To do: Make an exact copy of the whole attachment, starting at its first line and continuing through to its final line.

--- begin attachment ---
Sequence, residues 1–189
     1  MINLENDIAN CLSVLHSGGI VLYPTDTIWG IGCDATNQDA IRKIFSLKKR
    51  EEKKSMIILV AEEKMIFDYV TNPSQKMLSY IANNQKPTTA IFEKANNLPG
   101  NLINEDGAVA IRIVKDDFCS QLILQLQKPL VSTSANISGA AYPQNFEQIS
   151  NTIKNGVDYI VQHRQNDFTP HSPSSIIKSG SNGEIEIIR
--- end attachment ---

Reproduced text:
Sequence, residues 1–189
     1  MINLENDIAN CLSVLHSGGI VLYPTDTIWG IGCDATNQDA IRKIFSLKKR
    51  EEKKSMIILV AEEKMIFDYV TNPSQKMLSY IANNQKPTTA IFEKANNLPG
   101  NLINEDGAVA IRIVKDDFCS QLILQLQKPL VSTSANISGA AYPQNFEQIS
   151  NTIKNGVDYI VQHRQNDFTP HSPSSIIKSG SNGEIEIIR